Húsavík is a town in Norđurţing municipality on the north coast of Iceland on the shores of Skjálfandi bay with 2,237 inhabitants.
The most famous landmark of the town is the wooden church Húsavíkurkirkja, built in 1907.
Income is derived from tourism and fishing, as well as retail and small industry.
Until recently, Húsavík was the export harbour for silica that was extracted from nearby lake Mývatn.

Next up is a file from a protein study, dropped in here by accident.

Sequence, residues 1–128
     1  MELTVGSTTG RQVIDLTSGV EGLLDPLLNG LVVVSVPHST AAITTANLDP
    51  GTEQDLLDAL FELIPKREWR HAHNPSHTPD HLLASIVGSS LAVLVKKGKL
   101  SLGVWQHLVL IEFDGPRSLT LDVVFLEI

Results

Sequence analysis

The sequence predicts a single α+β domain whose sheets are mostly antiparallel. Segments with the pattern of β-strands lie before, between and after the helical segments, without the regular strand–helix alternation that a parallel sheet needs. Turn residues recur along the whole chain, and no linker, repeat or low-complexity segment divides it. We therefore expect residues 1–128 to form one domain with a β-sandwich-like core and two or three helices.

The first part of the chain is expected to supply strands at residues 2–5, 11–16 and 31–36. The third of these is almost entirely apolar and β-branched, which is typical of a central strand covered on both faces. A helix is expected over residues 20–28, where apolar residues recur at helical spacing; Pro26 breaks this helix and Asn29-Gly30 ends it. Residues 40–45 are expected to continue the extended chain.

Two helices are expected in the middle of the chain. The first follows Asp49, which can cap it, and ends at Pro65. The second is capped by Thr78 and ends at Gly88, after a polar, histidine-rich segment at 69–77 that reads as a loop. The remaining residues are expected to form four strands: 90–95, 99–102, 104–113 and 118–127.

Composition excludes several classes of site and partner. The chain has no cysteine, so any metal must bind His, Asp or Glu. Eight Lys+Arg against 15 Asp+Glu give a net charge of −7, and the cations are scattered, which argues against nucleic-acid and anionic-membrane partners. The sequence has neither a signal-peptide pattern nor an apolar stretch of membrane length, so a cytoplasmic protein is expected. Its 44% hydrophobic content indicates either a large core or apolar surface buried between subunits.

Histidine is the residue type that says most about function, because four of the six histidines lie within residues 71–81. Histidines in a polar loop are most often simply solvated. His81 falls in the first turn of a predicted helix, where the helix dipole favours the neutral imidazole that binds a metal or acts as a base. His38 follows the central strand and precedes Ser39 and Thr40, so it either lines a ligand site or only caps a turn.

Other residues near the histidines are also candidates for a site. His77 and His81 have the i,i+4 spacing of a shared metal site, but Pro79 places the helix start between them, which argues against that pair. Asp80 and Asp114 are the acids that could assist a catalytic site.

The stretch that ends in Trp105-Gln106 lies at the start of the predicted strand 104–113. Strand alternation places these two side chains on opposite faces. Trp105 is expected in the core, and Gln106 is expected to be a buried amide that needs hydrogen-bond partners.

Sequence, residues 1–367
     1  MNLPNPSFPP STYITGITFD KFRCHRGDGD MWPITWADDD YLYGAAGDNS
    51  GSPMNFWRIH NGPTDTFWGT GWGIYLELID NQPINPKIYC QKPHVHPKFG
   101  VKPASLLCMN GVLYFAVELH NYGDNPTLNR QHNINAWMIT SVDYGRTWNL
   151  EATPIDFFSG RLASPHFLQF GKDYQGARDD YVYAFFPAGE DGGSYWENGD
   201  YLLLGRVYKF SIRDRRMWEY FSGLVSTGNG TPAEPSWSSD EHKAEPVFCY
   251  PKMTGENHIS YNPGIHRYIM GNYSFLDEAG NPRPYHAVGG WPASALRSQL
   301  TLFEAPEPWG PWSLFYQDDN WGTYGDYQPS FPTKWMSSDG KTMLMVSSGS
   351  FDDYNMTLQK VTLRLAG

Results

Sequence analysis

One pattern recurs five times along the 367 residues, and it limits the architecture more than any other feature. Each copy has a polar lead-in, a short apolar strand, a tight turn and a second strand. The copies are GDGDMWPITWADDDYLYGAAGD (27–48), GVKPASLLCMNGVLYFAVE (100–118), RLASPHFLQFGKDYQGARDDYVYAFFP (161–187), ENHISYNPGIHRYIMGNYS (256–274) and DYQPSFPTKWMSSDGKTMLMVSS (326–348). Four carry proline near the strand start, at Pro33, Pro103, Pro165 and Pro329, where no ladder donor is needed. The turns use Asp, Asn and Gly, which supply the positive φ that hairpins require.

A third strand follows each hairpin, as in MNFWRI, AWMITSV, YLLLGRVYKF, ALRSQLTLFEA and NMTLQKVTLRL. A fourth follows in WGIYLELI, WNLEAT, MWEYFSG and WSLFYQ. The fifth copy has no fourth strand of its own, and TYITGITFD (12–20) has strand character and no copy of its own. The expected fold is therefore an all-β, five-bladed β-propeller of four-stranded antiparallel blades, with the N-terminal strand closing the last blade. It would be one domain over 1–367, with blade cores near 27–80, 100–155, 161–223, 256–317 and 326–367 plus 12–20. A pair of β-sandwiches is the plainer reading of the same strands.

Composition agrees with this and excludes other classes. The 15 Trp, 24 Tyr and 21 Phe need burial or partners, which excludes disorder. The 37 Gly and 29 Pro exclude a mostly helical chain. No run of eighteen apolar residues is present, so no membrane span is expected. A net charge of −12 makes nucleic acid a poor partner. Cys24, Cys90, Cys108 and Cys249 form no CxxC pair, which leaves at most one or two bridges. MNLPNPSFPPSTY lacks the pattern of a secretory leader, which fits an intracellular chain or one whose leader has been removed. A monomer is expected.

According to the Landnámabók ("Book of Settlement"), Húsavík was the first place in Iceland to be settled by a Norse man.
The Swedish Viking Garđar Svavarsson stayed there for one winter around 870 A.D.
The name of the town means "bay of houses" which probably refers to Garđar's homestead, which may have been the only houses then in Iceland.